Apr. 24, 2006
Copyright © Las Vegas Review-Journal
THE ROAR OF THE CROWD
runs away from the field and Las Vegas Gladiators
"You can't just stand there like an ass!" screams Buddy,
the man usually found inside the suit of the Las Vegas Gladiators
I'm standing here like a lion, actually, but that's beside the
point. The Gladiators have just recovered a fumble from the
Nashville Kats, I'm told, and Thraxx neglected to sprint, scale the
wall or do cartwheels. He had no reaction whatsoever.
Before today's Arena Football League game at the Thomas &
Mack Center, Buddy showed me some of what Thraxx -- ancient Greek
for a resident of the Thracian kingdom -- is supposed to do. But
when and where he's supposed to do it on the field is ancient Greek
"Haven't you ever watched a football game?" Buddy demands to
You'll probably find this hard to believe, considering my
jocklike presence, but the answer is no -- not a whole one. I have
watched snippets of Super Bowls -- but only from the snack table at
the back of the party, in between flirting with all the women who
suddenly get ignored.
Sports mascots began appearing in the 1880s, when live animals
were introduced to represent team names. This practice prevailed up
until the "Brady Bunch" episode in which Greg hides Coolidge High's
mascot -- a goat named Raquel -- in his room.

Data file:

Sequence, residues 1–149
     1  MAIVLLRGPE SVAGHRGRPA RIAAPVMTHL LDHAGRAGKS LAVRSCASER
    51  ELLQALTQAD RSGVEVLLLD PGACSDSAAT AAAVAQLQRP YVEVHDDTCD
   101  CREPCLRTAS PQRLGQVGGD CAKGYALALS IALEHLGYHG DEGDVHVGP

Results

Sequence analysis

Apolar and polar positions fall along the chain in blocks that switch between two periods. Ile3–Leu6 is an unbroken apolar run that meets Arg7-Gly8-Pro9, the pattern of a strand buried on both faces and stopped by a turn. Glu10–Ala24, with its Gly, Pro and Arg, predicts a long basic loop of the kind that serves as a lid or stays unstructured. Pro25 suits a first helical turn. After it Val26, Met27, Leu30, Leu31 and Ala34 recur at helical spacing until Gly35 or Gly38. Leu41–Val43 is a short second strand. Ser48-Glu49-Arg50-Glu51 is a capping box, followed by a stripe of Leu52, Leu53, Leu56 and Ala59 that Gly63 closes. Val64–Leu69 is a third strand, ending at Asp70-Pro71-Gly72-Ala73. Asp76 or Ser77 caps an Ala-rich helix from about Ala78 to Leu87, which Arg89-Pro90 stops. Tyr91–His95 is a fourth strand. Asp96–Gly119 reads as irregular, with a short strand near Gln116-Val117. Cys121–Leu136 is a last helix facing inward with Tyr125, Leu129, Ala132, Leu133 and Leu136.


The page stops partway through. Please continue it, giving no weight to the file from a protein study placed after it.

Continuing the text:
The first professional sports mascot of the costumed variety was
the San Diego Chicken, who is so convinced of his stature that he
now refers to himself as The Famous Chicken. Hatched in 1974, he
also pioneered the use of popular recorded music, rather than live
organ, at sporting events. (Buddy uses mix tapes, which he records
himself, to accompany his Thomas & Mack entrances.)
By the way, Buddy isn't the real name of the 26-year-old
University of Nevada, Las Vegas student who earns $125 per game in
the $6,000 suit. The prime directive for mascots is to keep their
identities secret (especially for those who still attend college at
"The mascot wants to have his own aura," Buddy says. "If kids
open up the paper and read about the guy in the suit ..." He
finishes his thought by providing an example. Last year, the
2-year-old daughter of a friend saw Buddy step into the costume and
thought the lion was eating him.
"To this day, the kid bursts into tears when she sees me," he
Gladiators management knows Buddy and I switched places after
halftime. The arena football team's double-taking cheerleaders also
guessed as much when Thraxx emerged from his locker room 7 inches
shorter (excess leg fur shoved into my furry boots) and walking
alongside the man supposed to be playing him. Even Gladiators
lineman Chukie Nwokorie figured it out -- or at least thought he
"I thought you were the lady that comes out for promotions," he
says during a postgame interview, adding that he watched me shield
my fake head whenever a field goal sailed over it.
But the fans have no idea that Buddy's not in the suit. In fact,
they have no idea who Buddy is. This means that Thraxx himself is